Effect of Respiratory Tract Disease on Pharmacokinetics of Tilmicosin in Rats
Abstract:Background and Purpose: In rats, murine respiratory mycoplasmosis is caused by Mycoplasma pulmonis. Tilmicosin, a macrolide antibiotic, has good tissue penetration and reaches high concentration in the lungs. Therefore, a model for studying the effects of disease on pharmacokinetics of tilmicosin was developed, using LEW rats.
Methods: Seventy-two LEW rats were assigned at random to two groups: one group was inoculated with M. pulmonis, and the other served as an uninoculated control group. On postinoculation day 31, all rats received a single dose of tilmicosin (20 mg/kg of body weight, subcutaneously).
Results: Concentration of tilmicosin in the lungs of both groups of rats was significantly higher than serum tilmicosin concentration at all times. Infected rats had significantly higher lung tilmicosin concentration than did noninfected rats. No correlation was found between pH of the lungs and tilmicosin concentration in the lungs in either treatment group, nor did treatment have any effect on pH of the muscle.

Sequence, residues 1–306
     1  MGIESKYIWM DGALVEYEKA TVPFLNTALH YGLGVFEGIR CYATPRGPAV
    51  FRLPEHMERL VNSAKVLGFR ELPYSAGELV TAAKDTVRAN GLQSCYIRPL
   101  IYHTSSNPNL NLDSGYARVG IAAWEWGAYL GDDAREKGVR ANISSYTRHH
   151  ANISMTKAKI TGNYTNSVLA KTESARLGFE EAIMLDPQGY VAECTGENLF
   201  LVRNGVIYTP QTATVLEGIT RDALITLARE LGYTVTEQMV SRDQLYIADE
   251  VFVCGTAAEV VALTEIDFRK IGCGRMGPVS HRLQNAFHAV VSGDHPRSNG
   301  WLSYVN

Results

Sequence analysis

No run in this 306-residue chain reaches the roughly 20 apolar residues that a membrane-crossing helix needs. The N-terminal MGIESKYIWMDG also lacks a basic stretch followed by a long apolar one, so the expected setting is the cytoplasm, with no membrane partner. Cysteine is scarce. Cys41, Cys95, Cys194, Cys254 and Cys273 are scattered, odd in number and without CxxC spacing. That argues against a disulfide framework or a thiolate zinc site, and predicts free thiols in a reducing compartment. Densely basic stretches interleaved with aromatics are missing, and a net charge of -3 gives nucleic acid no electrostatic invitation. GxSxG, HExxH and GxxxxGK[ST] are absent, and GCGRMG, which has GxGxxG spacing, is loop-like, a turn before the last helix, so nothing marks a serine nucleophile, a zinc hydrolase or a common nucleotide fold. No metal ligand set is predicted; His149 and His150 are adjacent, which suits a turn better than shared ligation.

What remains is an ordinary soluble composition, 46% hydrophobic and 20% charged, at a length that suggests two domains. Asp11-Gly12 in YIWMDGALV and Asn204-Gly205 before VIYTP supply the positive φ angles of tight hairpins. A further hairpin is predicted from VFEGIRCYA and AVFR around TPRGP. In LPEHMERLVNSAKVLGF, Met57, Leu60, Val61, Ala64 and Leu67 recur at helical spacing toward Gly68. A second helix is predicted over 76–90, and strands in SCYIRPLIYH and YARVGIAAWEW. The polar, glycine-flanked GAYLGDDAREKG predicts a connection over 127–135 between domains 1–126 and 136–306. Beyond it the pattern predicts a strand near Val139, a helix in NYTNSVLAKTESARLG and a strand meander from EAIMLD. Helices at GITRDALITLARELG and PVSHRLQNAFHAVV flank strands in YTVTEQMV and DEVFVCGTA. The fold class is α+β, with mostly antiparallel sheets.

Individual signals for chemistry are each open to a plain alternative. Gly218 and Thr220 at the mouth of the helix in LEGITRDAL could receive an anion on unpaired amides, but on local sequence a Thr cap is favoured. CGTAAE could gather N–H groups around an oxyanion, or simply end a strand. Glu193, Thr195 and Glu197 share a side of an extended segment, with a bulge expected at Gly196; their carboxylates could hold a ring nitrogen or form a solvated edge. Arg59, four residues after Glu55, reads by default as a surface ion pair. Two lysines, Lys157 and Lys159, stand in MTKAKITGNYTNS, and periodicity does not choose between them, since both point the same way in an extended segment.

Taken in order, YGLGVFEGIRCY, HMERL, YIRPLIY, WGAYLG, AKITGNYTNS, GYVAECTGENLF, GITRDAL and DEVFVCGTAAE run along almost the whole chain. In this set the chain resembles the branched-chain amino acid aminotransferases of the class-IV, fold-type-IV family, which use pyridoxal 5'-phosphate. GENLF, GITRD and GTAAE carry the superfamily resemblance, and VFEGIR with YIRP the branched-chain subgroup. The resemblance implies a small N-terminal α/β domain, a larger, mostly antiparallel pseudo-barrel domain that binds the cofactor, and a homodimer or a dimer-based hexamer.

Conclusion: Tilmicosin accumulates in the lungs, and infection/inflammation further improves its tissue penetration.
Document Type: Research Article
Publication date: June 1, 1999
Comparative Medicine (CM), an international journal of comparative and experimental medicine, is the leading English-language publication in the field and is ranked by the Science Citation Index in the upper third of all scientific journals. The mission of CM is to disseminate high-quality, peer-reviewed information that expands biomedical knowledge and promotes human and animal health through the study of laboratory animal disease, animal models of disease, and basic biologic mechanisms related to disease in people and animals.
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